Flourishing with Sensory Processing Sensitivity
Something We Do Well—Enjoying the Subtle Pleasures in Life
There are a great many pleasures in life, but some are ones that non-HSPs rarely seem to comment on, so that we can miss the fact that we are probably having quite a few of these pleasures. They do not create an obvious feeling of Wow. I suspect they are instinctual, archetypal, evolved sorts of things. Anyway, they are so off the beaten pleasure track that you, like me, have probably not given them much thought. But once I thought of the first one, an entire list grew. I am sure you can add to the list. They are there, we do enjoy them, so why not do it more consciously? Here are a few to savor.
- Seeing under—under the surface of the ocean was the example that started all of this. I am passionate about snorkeling and also enjoy underwater photography. But just seeing the surface makes me happy in a certain quiet way, imagining what’s underneath—whales, mysterious fish… I think we also like seeing underneath the surface of peoples’ personas, or under the surface content of a dream. Or just peering under a bush. An Easter egg hunt. I suppose I should include seeing under skirts. What do you like to see under?
- Tautness. We humans love a taut string—a kite string, a balloon, reins, muscles, the lines of a sail, a dog’s leash, an archery bow, a handy clothes line, knitting, the game Cat’s Cradle, or the strings of a cello, violin, or harp. There is a theory that this pleasure comes from when we were in the womb, clutching our life line, the umbilical cord.
- Dirt. HSPs probably do not like to be dirty, but the smell and touch of fresh soil is very nice for any human, I think. The look of freshly turned earth as well. Our ancestors must have signed, “Here we can plant seed and expect a harvest.”
- Landscapes, when they include together water, grass, and trees. We love that combination. We like paintings of these, camp sites, vacation spots, gardens, and home locations having them. This is thought to be due to the fact that these were the necessities of life for so many millennia.
- Large living things. Tall trees. Redwoods. “Old growth.” Large animals—a horse, cow, elephant, whale, gorilla. We’d like to be near the gentle ones if they would let us, but the largest shark, snake, or spider also fascinates. I suppose we like all things that are large—oceans, canyons, mountains.
- Being far enough into nature to not see any signs or printed material. No words to run through that part of your brain. It’s so restful.
- Getting warm when you’ve been cold, getting cool when you’ve been hot.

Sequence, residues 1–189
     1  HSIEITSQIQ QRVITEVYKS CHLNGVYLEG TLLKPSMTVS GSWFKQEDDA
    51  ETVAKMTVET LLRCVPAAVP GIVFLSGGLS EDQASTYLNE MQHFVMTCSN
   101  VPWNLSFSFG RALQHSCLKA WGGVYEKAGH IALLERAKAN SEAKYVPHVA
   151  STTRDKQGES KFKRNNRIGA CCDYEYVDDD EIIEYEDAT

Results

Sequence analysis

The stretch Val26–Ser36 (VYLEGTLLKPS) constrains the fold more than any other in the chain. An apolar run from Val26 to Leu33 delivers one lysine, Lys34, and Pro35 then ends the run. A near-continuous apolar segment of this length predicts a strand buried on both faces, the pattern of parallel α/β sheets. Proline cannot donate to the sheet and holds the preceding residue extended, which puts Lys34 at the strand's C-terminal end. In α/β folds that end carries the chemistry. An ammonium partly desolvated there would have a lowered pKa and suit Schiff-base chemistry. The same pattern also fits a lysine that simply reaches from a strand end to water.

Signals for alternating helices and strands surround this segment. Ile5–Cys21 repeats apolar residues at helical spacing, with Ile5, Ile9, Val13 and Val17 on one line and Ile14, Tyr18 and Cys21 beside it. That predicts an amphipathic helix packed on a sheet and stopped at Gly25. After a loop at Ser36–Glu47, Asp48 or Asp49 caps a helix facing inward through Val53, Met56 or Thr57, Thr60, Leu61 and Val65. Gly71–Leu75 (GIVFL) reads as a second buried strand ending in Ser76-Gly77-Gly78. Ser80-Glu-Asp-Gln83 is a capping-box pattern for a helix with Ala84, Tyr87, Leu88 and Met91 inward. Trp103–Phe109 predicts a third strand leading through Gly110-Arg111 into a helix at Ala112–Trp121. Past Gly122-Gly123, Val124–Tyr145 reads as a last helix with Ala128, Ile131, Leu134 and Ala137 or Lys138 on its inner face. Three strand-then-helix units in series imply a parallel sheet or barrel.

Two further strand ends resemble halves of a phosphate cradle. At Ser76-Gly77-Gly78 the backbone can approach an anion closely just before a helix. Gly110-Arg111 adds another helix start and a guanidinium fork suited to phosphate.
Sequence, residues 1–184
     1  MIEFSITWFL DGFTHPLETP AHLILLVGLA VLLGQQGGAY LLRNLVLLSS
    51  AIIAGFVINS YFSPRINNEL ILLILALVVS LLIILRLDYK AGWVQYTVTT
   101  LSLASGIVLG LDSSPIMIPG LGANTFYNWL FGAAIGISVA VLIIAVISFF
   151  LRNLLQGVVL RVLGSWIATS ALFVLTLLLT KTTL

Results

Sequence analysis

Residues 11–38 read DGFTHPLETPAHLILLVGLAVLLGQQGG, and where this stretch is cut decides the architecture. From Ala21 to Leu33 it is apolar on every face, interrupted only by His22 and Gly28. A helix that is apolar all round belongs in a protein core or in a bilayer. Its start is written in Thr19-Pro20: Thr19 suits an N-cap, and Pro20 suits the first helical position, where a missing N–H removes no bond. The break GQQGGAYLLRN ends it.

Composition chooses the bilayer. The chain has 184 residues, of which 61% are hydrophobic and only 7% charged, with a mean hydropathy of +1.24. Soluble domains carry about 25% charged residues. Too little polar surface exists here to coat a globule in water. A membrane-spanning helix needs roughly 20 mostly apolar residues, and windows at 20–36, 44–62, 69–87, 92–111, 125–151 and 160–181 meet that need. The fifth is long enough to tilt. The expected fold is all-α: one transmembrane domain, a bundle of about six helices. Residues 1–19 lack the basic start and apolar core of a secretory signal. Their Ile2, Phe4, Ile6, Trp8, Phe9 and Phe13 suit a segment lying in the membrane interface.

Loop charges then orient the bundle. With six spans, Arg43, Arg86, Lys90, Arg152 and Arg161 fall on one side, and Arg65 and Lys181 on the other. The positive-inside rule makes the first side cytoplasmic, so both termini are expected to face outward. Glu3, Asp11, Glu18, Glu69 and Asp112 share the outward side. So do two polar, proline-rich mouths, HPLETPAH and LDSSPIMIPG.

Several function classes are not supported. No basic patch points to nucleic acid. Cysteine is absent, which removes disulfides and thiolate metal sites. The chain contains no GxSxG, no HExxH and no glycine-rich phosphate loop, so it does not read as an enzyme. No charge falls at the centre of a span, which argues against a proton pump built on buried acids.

- Picking berries, finding nuts on the ground that you can eat, discovering wild edible foods.
- The fresh air near the ocean or waterfalls, or under large trees.
- Orderliness. Organizing and sorting. Getting things done. It’s all about combating the Third Law of Thermodynamics, which living systems do constantly in order to survive. Get things where they belong, the groceries inside, the dirt outside, the clutter into the closets, the needed things out of the drawers, and so on, as with the body, food in and elimination out, fresh air in and old air out, skin keeping things out and other parts letting things in.
- Music, a beautiful flower, a clever drawing or painting—these please everyone, but what about the pleasure of noticing how strange and wonderful it is that we seem to be the only animals to have developed music, art, and an aesthetic sensitivity?
- Dreams. How amazing to ponder the strange wisdom of this parallel world happening at night. Who gives you that way of seeing things that had never occurred to you?
- The changing unchanging—watching ocean waves, the wind in trees, flickering flames, rivers and streams, passing clouds, the seasons, the rising full moon, the stars.
- The very young. I suppose evolution really does a number on us here, but those cute little things are so irresistible, whether they are human or some other species.
- Pets. They connect with us so sweetly, and in so doing they connect us to all that is safe, joyous, and caring in the natural world.
- Being taken care of. Being touched with tenderness. A blanket tucked around you. Having to do nothing in return, maybe not even having to say “thank you.”
- Being safe in bed when you are tired. And falling asleep.
– Guest writer: Elaine Aron
Work in the invisible world at least as hard as you do in the visible.
In this together,